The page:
What makes a wonderful Mass?
I’d love to take a straw poll after Mass on any given Sunday, and ask people at random this question. I’m quite sure that these could be some of the answers that I could get:
“When the choir blends its voices so beautifully like angels”, or
“When the Lectors proclaim the Word with great clarity”, or
“When preachers give great insights at a well prepared, crafted and delivered homily”, or
“When the servers execute their duties with great pomp and alertness”, or
“When the celebrant sings everything with heartfelt meaning and is on pitch”.
While I am sure that if all of the above happen together at a Mass, it may send some into ecstatic celestial heights, these, unfortunately, do not a wonderful liturgy make. What separates good liturgy from awe-inspiring liturgy literally lies in the mouths of the congregation.
In all that we do, what gives us great delight is when there is a positive response to our actions and overtures. We could be putting up a concert, writing of a book, producing a movie, or inviting friends over for a meal. It makes little sense to act or sing to an empty hall, to write a book which no one will read, let alone buy, make a movie which people simply will not watch, or get a meal ready for friends who will not turn up.
What happens at each Mass has a gravitas of far more import than any of the examples that I just listed. God is coming into our lives in a concrete way. God is offering himself to us over and over again. What God requires of us is to respond adequately and appropriately to this great grace (which saves us), which we do not deserve at all.
When properly understood and celebrated, the entire liturgy becomes a great offer and response flow - of love offered, and love received; of loved received, and love returned. That is what happens between the persons of the Holy Trinity, and our liturgy then becomes a mirroring of that great exchange of love.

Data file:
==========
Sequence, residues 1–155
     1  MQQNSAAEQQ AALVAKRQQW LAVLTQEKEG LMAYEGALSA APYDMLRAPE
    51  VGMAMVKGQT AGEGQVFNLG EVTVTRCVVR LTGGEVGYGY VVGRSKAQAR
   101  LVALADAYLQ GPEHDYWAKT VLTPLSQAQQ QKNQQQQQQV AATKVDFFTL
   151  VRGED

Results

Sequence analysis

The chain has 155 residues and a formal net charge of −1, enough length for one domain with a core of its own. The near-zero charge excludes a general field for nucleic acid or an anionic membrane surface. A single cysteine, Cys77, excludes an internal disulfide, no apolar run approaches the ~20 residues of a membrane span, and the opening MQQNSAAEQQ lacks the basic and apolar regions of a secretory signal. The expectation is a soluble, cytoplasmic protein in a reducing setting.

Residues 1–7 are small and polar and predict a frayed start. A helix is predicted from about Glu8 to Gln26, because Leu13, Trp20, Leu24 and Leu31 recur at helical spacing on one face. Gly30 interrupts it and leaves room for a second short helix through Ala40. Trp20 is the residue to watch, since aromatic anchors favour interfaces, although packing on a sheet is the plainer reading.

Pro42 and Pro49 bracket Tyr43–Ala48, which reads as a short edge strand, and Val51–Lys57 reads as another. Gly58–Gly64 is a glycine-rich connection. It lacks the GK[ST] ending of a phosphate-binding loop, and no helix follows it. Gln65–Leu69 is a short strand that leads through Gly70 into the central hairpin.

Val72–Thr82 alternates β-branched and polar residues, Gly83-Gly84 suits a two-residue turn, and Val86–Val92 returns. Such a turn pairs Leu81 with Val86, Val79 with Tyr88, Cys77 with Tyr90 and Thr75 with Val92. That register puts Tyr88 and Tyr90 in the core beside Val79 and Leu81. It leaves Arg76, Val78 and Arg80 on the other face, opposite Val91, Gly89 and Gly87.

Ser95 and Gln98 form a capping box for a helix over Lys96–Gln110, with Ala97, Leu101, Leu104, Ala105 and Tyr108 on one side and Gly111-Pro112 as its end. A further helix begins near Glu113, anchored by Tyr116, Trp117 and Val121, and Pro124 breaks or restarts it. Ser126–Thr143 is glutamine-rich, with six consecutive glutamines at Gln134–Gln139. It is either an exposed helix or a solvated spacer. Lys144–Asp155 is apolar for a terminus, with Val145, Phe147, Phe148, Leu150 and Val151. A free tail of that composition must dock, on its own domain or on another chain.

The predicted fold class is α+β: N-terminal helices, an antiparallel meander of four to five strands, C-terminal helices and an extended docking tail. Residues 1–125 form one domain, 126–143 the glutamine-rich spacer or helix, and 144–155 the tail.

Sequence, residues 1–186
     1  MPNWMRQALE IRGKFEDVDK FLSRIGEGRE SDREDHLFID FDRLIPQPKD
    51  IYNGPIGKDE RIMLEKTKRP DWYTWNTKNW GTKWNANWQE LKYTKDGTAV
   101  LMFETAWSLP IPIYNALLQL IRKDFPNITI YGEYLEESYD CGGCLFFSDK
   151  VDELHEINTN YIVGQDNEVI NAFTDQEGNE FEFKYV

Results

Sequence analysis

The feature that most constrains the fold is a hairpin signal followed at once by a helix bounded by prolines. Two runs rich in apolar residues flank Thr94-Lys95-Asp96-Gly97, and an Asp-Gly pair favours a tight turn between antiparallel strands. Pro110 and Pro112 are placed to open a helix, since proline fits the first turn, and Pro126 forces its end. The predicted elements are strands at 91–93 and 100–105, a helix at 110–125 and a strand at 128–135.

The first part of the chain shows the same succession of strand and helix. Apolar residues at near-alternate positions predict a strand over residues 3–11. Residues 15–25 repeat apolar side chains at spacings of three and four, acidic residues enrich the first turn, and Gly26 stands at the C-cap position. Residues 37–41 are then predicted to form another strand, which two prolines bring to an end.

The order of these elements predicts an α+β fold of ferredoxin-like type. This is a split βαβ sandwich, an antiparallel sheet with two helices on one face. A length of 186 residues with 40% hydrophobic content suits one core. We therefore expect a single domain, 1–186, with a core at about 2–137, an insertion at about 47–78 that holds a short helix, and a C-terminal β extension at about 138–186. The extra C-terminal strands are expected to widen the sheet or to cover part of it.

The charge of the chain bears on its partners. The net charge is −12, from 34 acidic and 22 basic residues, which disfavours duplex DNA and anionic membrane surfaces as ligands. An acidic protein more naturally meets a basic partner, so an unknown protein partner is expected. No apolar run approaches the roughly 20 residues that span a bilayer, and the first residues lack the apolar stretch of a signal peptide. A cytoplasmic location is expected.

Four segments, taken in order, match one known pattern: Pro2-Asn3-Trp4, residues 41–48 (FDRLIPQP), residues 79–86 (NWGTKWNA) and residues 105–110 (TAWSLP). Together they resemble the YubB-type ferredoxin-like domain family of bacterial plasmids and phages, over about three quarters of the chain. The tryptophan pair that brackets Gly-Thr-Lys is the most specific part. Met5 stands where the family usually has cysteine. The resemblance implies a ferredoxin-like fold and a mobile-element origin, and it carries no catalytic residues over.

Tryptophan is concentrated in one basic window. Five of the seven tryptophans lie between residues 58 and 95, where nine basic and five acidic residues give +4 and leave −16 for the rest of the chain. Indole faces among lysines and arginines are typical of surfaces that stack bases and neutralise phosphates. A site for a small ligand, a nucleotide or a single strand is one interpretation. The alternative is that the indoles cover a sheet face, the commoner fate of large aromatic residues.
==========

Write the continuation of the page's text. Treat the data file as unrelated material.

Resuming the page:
Once we see how deep the Mass goes, then we will begin to understand that each gesture, each response, each action well executed and mindfully carried out becomes our return of gratitude and love to the one who is love. And when we are loath to respond with mindfulness, when our response is more timid than throaty, when we prefer to let the choir “perform” than to blend our voices with theirs, we are showing a lukewarm response to God’s offer of love and life.
When I am aware of this as a priest, then I will want to lead my people to as great a response as possible, because that marks fantastic liturgy. I’ll want the choir to be one that is giving their all to God, I’ll hope that the lectors really know how to proclaim and not just read, and I want to ensure that each altar server truly becomes the model participant at each Mass by his singing, opened mouth response and deliberate and mindful gestures.
Sadly, the world today seems to have become far too self-centered for this meaning to take place on a large scale in a church congregation. Dare I hope that an entire congregation deeply understands this? I’m not sure, because there will be many who will say that Mass for them is a ‘me and God’ moment, so “let me speak to God in my heart”. The understanding of the Church’s liturgy, which is public worship, has sadly seemed to be reduced to something personal and private – something that it never was, and never will be.
I used to get very upset as a celebrant to see Catholics who refuse to sing, who won’t respond to prayers, and who are very reticent and withdrawn and cold at Mass. Yet, these could well be the same people who go to rock concerts and show far greater enthusiasm with their response when the singer says “somebody scream!” or “I want to see you jump on the floor!” God, it seems deserves far less response and warmth than a mere mortal who demanded an entrance fee of hundreds of dollars and who thrills albeit momentarily.
Why do I say, “Used to get upset”? Perhaps I am beginning to see that being upset doesn’t make things better. It doesn’t help me to operate out of a mellow space and a compassionate heart. I just hope that I am able to impart, in a lucid and gentle way that we need to adjust our collective response to God’s offer of love and mercy.
Because when we do, heaven happens.